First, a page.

I’m waiting for the rest of the team, waiting for the flight to board, waiting for Armenia and God and courage and love. Waiting for my heart to split open like the morning sky.

Armenia Bloggers 2015

3 Things We Need to Stop Saying to Youth Group Kids

photo credit: MercyMe via photopin (license)

photo credit: MercyMe via photopin (license)

A month or two ago, I stumbled upon a televised version of the Acquire the Fire conference on some obscure Christian channel on cable. This was the conference that I attended every year as a high school student, the conference that deeply informed the way I understood and lived my faith.

I couldn’t believe it was on TV. I couldn’t believe I was sitting there, watching it.

In the opening segment, Ron Luce sits with a very young (and slightly starstruck) reporter. The President of Teen Mania Ministries has gained weight and his hair has grayed a bit at the top, but he’s still the same person I remember from all those years of Acquire the Fire conferences.

The theme of this year’s ATF is “Epic Truth.” The reporter asks Ron Luce questions about today’s youth, and Ron blames comedians and sitcoms for the rise of “new atheism” and then awkwardly injects Katy Perry into the conversation. “I know her parents well,” he says. Then he gives a little pitch for the Honor’s Academy: “It’s like Red Bull for your walk with God,” he says, and he flashes that white-toothed grin at the camera.

Red Bull. Epic Truth. Acquire. The. Fire. Big words. Charged words Fighting words.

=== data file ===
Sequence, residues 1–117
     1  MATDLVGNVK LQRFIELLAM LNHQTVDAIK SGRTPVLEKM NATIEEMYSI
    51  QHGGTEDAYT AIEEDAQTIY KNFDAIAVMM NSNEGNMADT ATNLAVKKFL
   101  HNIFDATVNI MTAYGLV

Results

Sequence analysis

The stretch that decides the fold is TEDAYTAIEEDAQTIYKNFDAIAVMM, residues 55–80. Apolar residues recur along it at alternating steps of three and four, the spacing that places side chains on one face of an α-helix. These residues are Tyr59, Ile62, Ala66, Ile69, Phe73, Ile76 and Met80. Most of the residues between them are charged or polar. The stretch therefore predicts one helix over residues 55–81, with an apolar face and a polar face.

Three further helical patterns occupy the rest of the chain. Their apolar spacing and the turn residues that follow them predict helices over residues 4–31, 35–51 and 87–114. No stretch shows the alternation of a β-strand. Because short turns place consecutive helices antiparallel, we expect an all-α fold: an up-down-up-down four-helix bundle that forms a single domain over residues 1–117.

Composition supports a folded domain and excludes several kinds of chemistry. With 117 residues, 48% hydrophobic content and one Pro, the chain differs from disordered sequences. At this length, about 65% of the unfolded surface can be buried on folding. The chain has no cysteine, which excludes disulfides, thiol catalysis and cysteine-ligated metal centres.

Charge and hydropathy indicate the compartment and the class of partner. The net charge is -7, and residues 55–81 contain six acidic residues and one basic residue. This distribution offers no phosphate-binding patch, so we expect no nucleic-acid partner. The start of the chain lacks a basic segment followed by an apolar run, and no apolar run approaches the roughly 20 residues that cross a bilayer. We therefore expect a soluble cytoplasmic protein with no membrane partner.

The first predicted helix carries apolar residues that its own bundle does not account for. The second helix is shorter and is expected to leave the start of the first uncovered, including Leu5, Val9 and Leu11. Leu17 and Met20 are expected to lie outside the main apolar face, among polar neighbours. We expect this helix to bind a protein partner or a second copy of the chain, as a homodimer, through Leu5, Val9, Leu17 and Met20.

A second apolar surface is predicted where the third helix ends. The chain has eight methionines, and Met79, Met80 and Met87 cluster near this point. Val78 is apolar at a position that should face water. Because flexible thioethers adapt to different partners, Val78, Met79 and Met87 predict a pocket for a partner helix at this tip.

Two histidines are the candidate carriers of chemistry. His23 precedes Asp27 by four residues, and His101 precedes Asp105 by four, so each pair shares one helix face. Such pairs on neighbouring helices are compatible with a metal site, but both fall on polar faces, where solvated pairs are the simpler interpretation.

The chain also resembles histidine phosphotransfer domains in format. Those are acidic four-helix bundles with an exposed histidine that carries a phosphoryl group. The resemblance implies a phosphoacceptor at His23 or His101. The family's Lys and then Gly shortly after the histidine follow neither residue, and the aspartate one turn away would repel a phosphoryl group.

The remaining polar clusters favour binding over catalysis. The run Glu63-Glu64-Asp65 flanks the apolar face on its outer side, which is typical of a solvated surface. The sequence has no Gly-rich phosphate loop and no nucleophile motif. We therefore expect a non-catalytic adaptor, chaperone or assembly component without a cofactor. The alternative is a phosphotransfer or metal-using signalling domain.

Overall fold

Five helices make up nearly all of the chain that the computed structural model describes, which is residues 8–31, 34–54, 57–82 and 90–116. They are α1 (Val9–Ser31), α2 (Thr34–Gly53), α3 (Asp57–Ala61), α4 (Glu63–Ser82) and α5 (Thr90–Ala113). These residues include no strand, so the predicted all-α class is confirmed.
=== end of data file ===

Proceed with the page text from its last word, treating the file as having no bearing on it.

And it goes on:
I fast forward through the first speaker until I get to the skit being acted out on stage by Teen Mania interns. The skit, which will run through the entire conference, is about a new Christian kid named Travis who suddenly finds himself being “persecuted” by his former friends at school. “I am Travis, and my whole life has been leading up to this moment,” he narrates. “I have to be more than full of heart. I’ve got to be headstrong.”

The skit takes place in Travis’ brain, which we come to understand because the booth at the center of the stage is labeled Cortex. The character labeled “Conviction” has curly hair and rides around the stage on a Segway saying pompous things like, “I’ve been stirring in Travis for some time, and today is the day he’s going to do something about it.”

Off to stage right, two girls with bows in their hair play the part of “Free Will,” smacking nonexistent gum, speaking in tandem, and acting the parody of a ditzy cheerleader.

On the giant video screens flanking the stage, bits of the story unfold: we see Travis’s ex-friends creating a YouTube video, mocking Travis and his faith with a puppet show about how much Christians suck.

In Travis’ brain-skit, someone says, “I really want to transition into pride right now. I really want to flip some tables!”

The YouTube video sparks a school-hallway argument that escalates quickly until Travis is heard shouting, “SHUT YOUR LIE-HOLE, ALEX!!” (This is an actual quote. You can’t make this stuff up.)

Suddenly, an antagonistic teacher enters the scene, and the hall goes quiet. With pursed lips, she tells Travis and his ex-friends that they will settle their differences over a debate about whether Christianity is true. “You have one class period to polish,” she says haughtily to New-Christian Travis, who she clearly doesn’t like. “You’d better get to the library.”